|Matthew Henry's Concise Commentary|
10:1-8 A vine is only valuable for its fruit; but Israel now brought no fruit to perfection. Their hearts were divided. God is the Sovereign of the heart; he will have all, or none. Were the stream of the heart wholly after God, it would run strongly, and bear down all before it. Their pretences to covenant with God were false. Even the proceeding of justice was as poisonous hemlock. Alas, how empty a vine is the visible church even at this day! But all earthly prosperity is but a collection of bubbles, soon destroyed like foam upon the water. Sinners will in vain seek shelter from that Judge, whom they now despise as a Saviour.
Verse 4. - God, by the prophet, had charged Israel with fruitlessness, or with bringing forth fruit to themselves; with perverting the bounties of his providence in promoting idolatry; with their division of heart, or deceitfulness of heart. He had also threatened to punish them for their sin, and to deprive them of the means of sinning by destroying the instruments thereof, and to prevent their obtaining any help from their king, proving to them the folly of depending on him. He now proceeds, in this and following verses (4-8), to point out their moral corruption, the usual consequence or concomitant of irreligion and of false religion, instancing their deceptive dealing in the common affairs of life and their perjury in public compacts or covenants, as also their general unrighteousness. He threatens to destroy their idols to the distress of their worshippers and ministering priests as well as of their chief city. He threatens further to cause their calf-idols to be carried into captivity, pouring shame and contempt on their enterprises; to cut off their king; to leave the places of their idol-worship desolate, filling the people with distress and despair because of all their sins. They have spoken words, swearing falsely in making a covenant. In this fourth verse the prophet deplores the absence of truth, faithfulness, and loyalty to duty. This expression, "they have spoken words," is generally understood to signify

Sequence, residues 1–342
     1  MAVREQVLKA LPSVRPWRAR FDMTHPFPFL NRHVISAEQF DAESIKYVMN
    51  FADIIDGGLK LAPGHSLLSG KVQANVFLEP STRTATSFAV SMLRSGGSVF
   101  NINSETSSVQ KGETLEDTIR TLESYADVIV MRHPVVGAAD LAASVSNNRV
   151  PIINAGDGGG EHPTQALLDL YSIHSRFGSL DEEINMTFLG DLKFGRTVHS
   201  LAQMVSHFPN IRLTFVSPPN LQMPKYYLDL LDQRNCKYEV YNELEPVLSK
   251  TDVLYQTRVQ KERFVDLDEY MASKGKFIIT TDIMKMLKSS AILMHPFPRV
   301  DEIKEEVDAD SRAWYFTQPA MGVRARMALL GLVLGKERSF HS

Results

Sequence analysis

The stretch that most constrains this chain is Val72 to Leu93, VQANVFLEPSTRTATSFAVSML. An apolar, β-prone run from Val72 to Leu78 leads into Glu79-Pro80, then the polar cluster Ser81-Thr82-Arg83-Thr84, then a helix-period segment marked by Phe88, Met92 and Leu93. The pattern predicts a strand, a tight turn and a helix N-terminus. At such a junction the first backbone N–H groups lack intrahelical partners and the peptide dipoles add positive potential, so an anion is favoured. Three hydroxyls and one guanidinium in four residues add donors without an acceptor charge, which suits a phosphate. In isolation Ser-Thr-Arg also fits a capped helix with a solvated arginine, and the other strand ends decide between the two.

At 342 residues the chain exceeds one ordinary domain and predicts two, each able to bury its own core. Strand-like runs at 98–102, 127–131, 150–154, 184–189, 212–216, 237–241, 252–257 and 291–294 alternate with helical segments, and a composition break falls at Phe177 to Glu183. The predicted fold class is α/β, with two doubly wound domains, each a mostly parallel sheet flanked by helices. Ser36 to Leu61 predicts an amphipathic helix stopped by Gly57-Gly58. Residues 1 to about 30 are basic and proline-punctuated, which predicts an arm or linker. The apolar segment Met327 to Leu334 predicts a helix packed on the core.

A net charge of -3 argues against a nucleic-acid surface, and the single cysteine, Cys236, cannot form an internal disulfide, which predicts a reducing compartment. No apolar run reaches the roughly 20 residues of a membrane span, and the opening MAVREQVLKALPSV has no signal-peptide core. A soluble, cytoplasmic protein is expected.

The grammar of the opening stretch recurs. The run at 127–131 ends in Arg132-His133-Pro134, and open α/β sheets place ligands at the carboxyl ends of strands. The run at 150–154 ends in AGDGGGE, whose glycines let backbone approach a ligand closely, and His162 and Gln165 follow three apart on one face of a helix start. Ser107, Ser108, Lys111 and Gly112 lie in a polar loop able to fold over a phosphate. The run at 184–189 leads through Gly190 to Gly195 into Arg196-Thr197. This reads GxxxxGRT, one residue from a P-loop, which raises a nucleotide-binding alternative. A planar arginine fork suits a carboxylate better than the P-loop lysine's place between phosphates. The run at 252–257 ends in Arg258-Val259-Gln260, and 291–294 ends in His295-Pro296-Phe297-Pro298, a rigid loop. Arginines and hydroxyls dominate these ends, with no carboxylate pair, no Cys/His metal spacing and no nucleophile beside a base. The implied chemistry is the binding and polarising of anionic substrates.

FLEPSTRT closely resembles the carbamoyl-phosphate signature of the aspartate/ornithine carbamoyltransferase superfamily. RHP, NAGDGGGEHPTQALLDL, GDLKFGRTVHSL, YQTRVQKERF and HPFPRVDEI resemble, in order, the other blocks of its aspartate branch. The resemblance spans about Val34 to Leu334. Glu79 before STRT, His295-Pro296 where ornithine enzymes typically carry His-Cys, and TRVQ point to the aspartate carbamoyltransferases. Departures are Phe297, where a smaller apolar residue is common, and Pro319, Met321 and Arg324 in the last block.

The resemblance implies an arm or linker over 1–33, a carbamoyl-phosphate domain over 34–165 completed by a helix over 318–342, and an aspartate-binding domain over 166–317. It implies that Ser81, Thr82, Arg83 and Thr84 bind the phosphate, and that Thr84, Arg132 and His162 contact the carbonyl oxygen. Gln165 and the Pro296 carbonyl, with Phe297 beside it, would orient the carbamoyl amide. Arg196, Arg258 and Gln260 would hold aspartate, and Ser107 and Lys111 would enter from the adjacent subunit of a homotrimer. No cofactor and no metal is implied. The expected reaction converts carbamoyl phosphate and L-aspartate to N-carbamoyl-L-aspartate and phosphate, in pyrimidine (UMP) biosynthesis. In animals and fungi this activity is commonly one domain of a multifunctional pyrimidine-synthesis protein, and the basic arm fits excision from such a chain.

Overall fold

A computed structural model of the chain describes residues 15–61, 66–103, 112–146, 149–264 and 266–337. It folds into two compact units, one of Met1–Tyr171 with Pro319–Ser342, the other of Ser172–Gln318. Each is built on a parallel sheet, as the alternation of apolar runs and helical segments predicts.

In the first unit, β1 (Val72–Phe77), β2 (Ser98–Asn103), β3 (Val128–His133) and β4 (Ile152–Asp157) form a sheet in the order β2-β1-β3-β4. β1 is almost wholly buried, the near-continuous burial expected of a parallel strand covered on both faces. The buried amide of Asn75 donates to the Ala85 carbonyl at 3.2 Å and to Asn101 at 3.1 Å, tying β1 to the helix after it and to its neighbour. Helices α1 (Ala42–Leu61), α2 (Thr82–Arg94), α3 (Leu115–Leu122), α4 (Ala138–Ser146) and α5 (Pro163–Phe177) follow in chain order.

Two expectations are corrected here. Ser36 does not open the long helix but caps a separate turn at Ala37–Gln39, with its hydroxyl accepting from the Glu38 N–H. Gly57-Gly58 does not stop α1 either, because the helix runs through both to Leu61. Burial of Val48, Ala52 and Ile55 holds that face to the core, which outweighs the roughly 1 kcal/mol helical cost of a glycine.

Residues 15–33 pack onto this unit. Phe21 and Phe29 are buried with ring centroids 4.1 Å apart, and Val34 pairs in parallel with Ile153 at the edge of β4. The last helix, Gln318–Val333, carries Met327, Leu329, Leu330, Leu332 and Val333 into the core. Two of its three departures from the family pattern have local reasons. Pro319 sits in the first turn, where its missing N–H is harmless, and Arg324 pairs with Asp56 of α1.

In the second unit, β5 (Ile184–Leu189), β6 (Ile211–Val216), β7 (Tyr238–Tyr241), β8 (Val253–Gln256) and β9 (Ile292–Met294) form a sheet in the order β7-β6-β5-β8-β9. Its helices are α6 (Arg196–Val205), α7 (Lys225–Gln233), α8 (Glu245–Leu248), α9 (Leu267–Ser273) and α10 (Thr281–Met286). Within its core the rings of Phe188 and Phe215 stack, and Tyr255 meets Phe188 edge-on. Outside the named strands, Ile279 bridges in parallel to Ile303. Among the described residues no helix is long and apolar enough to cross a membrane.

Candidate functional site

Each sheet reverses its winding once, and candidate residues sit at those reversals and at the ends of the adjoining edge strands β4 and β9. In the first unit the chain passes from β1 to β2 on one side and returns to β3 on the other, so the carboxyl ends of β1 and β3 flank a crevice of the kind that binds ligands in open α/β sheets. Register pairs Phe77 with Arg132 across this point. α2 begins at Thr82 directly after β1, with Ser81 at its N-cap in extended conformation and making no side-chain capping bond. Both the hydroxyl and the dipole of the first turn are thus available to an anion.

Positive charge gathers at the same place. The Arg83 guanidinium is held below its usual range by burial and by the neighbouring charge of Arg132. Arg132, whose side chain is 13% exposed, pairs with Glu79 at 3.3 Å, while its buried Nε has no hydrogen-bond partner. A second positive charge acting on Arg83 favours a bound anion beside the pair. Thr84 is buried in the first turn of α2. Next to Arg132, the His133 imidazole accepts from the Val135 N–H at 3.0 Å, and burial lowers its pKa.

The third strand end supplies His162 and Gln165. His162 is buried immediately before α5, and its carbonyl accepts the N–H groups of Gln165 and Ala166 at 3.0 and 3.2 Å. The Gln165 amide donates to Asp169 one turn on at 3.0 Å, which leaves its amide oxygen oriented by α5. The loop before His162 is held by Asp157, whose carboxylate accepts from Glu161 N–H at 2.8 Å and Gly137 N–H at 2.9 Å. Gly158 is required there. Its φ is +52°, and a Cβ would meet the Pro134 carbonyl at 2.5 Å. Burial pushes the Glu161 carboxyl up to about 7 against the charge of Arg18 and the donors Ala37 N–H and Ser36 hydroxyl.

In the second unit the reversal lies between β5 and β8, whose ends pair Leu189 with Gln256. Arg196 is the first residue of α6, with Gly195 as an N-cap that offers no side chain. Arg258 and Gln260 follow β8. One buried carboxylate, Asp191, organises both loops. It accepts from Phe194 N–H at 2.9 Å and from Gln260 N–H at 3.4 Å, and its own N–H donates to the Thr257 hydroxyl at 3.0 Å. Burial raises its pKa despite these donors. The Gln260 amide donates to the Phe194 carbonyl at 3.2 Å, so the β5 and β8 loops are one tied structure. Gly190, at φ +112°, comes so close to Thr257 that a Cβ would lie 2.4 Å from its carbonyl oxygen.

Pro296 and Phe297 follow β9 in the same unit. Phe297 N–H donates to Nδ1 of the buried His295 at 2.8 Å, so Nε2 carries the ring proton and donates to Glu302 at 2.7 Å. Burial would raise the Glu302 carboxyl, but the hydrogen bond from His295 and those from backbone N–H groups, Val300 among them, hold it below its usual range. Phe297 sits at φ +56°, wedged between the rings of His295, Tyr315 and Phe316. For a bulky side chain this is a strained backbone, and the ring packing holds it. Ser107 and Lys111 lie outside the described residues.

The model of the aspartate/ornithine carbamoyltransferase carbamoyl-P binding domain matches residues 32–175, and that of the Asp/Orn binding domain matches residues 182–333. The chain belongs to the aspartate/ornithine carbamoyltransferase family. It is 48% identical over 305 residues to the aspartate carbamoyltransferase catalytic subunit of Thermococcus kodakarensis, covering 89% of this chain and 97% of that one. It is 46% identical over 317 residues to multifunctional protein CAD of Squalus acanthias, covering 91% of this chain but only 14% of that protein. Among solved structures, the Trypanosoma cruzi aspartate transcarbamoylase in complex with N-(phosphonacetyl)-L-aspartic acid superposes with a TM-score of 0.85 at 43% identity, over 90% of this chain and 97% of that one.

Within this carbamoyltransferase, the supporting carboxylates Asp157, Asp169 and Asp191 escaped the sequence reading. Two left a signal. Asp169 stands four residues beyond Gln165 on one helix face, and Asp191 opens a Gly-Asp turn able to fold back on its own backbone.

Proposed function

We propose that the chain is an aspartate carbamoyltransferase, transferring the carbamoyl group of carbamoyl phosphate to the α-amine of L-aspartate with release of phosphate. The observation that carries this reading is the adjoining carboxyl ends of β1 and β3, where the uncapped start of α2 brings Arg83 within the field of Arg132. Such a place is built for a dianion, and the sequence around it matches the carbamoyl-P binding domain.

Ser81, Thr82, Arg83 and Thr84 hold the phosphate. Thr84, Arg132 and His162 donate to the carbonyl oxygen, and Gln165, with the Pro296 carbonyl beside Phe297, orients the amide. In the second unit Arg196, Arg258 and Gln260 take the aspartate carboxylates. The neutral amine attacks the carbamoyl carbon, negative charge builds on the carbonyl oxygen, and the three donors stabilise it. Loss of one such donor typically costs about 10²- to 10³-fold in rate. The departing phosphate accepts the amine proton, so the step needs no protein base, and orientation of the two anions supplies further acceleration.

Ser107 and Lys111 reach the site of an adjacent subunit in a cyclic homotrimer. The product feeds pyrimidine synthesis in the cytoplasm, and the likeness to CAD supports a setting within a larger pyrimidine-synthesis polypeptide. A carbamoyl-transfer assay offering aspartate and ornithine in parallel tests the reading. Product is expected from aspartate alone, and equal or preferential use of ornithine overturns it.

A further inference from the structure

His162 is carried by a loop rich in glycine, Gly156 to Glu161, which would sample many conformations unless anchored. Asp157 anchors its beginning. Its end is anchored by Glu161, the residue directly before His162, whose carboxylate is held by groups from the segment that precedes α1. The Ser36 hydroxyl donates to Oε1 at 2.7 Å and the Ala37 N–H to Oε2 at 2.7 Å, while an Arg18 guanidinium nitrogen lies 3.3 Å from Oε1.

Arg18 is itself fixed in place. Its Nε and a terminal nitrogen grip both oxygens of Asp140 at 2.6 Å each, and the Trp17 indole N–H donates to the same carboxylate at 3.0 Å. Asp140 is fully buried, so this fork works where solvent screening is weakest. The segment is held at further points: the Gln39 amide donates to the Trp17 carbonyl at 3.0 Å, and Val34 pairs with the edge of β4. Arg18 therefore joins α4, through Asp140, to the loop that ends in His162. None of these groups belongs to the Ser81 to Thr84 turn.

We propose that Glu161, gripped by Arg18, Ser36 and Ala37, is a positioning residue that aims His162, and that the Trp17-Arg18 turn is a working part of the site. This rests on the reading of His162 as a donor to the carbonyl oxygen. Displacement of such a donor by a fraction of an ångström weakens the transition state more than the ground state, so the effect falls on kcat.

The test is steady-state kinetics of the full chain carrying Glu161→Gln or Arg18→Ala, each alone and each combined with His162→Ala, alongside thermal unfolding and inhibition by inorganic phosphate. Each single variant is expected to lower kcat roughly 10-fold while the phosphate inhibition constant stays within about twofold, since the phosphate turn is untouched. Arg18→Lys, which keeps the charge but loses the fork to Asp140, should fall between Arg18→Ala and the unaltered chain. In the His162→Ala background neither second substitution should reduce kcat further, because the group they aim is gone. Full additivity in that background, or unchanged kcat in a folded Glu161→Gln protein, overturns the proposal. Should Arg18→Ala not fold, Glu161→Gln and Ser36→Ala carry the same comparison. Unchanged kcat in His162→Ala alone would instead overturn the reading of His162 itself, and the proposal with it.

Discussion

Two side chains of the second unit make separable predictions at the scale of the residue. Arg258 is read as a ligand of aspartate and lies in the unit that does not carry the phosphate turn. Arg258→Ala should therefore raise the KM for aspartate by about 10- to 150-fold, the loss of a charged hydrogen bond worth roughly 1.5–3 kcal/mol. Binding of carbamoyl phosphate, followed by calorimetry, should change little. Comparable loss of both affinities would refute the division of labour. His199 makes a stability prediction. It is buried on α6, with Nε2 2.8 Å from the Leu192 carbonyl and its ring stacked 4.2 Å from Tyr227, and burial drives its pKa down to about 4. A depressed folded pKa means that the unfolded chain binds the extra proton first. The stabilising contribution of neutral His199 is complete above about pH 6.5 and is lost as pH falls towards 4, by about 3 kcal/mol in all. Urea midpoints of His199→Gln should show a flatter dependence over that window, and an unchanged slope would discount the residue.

(a) "empty words," "false words," only words and no more, like the Latin verba alicui dare. Thus their vain, deceitful, lying words in private transactions and common affairs of everyday life would correspond to their perjury in public treaties and covenants. Their words were deceitful and their oaths falsehood. In their ordinary business transactions they used words, empty words, words without truth, corresponding thereto; in international concerns they had pursued the same course of falsifying and covenant-breaking. After entering into an engagement with the Assyrian king Shalmaneser, they made a covenant with So King of Egypt, as we read in 2 Kings 17:4, "And the King of Assyria found conspiracy in Hoshea: for he had sent messengers to So King of Egypt, and brought no present to the King of Assyria, as he had done year by year." In this latter case they acted as covenant-breakers, and at the same time contravened the Divine command, which forbade them entering into covenants with foreigners. The first clause, however, is understood by some